Your dentist has access to many methods to help control anxiety, discomfort or pain when doing a dental treatment. Some methods, like local anaesthesia, are very common. Whereas other approaches may be used in only particular cases. It is important to mention to your dentist your metical condition and if you are taking any medications before choosing the correct anaesthesia or sedation method for you.
Before an injection topical anaesthetic may be used on the area of your mouth where the needle will be inserted. This will reduce any pain or discomfort from the needle. Topical anaesthetic comes mostly in gels or in spray.
This type of anaesthetic is by far the most commonly used in dentistry. It consists of an injection, which has an effect that lasts one hour (short-acting), three hours (long-acting), or up to six hours (extra-long-acting).
The pain normally felt from the injection can be reduced if topical anaesthetic is applied before. There are rarely side effects. In most countries, there are no additional fees for this local anaesthesia.
Oral sedatives are pill medications that may be taken before the appointment if a patient is very anxious or nervous. The pill may be either swallowed, or left to dissolve under the tongue. The oral sedative should be taken either an hour or half an hour before the dental treatment begins.
It’s important to arrive early before your appointment to let the pill ‘kick-in”. You also need to plan for someone to escort you home after your treatment.
Intravenous conscious sedation is a method used to put the patient in deep relaxation when he or she has a lot of anxiety towards a treatment. IV sedation is mostly used during surgical treatments like wisdom teeth extractions.
Usually an anti-anxiety drug is administered into the blood system before dental treatment. You do not exactly go to sleep, but you will be very relaxed and sedated, and you will not remember much of the treatment, as there is an amnesia effect.
Nitrous oxide gas, or “laughing gas” is a colorless non-flammable gas with a pleasant, slightly sweet odour and taste that reduces the sensation of pain and creates a euphoric feeling. Some patients still feel discomfort while using nitrous oxide, and they require more local anaesthetic.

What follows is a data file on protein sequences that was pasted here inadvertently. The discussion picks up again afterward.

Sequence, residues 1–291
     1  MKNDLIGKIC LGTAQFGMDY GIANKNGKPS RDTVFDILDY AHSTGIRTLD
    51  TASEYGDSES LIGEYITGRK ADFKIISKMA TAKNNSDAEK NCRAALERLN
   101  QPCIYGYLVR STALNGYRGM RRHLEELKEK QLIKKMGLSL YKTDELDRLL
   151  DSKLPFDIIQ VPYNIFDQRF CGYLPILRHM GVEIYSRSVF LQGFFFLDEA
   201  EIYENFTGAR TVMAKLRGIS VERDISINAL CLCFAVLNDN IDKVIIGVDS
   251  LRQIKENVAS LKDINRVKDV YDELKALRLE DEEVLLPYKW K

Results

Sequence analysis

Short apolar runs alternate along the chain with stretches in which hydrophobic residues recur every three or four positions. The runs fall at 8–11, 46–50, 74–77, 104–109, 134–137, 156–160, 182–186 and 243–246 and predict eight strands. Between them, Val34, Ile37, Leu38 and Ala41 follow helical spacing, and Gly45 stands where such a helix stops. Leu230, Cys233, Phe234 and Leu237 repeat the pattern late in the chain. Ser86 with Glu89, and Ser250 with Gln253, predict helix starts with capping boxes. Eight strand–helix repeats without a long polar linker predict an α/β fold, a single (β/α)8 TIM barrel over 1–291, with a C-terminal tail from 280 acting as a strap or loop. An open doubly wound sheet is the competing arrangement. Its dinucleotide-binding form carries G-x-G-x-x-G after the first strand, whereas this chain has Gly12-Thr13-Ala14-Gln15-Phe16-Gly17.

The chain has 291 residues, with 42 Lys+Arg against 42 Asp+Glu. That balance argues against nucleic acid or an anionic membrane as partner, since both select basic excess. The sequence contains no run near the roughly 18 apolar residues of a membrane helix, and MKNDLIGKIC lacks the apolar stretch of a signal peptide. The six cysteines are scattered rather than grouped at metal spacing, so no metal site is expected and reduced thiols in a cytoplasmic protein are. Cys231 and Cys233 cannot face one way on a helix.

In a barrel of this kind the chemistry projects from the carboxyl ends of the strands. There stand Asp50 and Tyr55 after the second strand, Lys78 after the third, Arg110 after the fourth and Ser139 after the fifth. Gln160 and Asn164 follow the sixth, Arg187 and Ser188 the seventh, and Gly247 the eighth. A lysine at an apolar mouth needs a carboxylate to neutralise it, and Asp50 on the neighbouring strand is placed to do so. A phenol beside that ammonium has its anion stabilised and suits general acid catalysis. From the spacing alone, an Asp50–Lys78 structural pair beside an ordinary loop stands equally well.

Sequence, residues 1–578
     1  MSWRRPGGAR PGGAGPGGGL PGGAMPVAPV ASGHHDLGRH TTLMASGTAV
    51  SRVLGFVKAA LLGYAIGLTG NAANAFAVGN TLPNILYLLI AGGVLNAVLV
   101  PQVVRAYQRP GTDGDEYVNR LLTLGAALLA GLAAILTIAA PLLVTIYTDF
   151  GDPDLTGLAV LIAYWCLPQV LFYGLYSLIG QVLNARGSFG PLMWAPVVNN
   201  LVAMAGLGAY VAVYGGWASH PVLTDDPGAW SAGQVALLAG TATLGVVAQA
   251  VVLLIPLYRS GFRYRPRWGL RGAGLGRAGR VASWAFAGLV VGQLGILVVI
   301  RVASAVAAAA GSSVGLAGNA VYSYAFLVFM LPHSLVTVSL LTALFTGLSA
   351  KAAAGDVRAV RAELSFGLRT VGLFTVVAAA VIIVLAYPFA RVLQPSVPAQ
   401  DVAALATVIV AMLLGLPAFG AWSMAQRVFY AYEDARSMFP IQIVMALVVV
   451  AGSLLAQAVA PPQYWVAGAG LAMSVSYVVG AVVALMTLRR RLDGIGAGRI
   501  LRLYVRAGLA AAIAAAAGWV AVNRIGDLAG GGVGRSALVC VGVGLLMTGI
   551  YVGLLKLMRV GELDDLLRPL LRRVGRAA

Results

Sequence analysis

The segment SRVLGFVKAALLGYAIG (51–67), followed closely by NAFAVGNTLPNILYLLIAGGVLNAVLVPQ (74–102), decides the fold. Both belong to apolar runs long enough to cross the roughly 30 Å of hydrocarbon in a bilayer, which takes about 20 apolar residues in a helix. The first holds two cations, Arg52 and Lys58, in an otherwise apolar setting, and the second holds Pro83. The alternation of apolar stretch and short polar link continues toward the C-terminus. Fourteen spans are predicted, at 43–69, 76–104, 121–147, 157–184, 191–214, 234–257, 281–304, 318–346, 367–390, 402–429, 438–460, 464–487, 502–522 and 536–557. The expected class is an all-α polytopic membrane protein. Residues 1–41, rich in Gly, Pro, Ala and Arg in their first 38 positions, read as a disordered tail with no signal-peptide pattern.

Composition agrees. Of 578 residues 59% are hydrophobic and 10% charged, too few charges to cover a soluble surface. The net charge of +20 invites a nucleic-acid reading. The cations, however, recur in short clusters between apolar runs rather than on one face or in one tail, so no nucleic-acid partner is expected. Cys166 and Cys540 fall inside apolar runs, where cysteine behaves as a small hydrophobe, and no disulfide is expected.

There is no “hangover” feeling afterwards. The effect is eliminated from the body within 3-5 minutes after the gas supply has stopped. You may drive home by yourself after the treatment without needing someone to escort you. Nitrous oxide is not recommended for pregnant patients, for patients who might be pregnant, and for patients who suffer from emphysema.
Certain conditions require the use of general anaesthesia usually in a hospital environment. If this is necessary, usually an anaesthesiologist will deliver the anaesthetic drugs while the dentist completes the oral treatment.
General anaesthesia is particularly used for young children with lots of cavities, when the dentist or paediatric dentist has trouble controlling the behaviour.
Some dentists practice hypnosis in very special situations where patients do not adapt to any other anaesthetic methods. It’s an approach that may sometimes be effective.
The procedure usually requires more time on each appointment and more appointments than for other types of pain control.
- Oral sedation dentistry (Wikipedia).
- Lourenço-Matharu L, Roberts GJ, (Oral sedation for dental treatment in young children in a hospital setting). British Dental Journal. 2010 Oct; 209: 1-5
- Beirne OR. (Current and future research in dental sedation and anesthesia). Anesthesia Progress. 1986 Jul-Aug; 33(4): 193–196.
The information above should be used as a reference only. Any medical decision should not be taken before consulting a health care professional.
The masculine gender may have been more used in the article, but without prejudice, to make reading easier.
- 10 myths and facts about root canals
- 10 things you didn’t know about teeth
- 5 ways to provide the best dental care for your children
- 6 reasons why flossing daily is so important
- Anaesthetics and sedation for oral treatments
- Bisphosphonates and oral health care
- Can good dental care save money?
- Cancer treatments and oral health
- Causes and consequences of tooth loss
- Dementia and tooth loss
- Dental avulsion: what to do when you have a knocked out tooth
- Diabetes and dental care
- Ebola virus disease
- Halloween, good and bad treats
- Heart disease and dental care
- How smoking affects dental and oral health
- How to have a beautiful smile?
- Oral hygiene kit for travellers
- Precautions to take after dental fillings
- Pregnancy and dental care
- Sexual hormones – are women more susceptible to cavities?
- Smoking and gum disease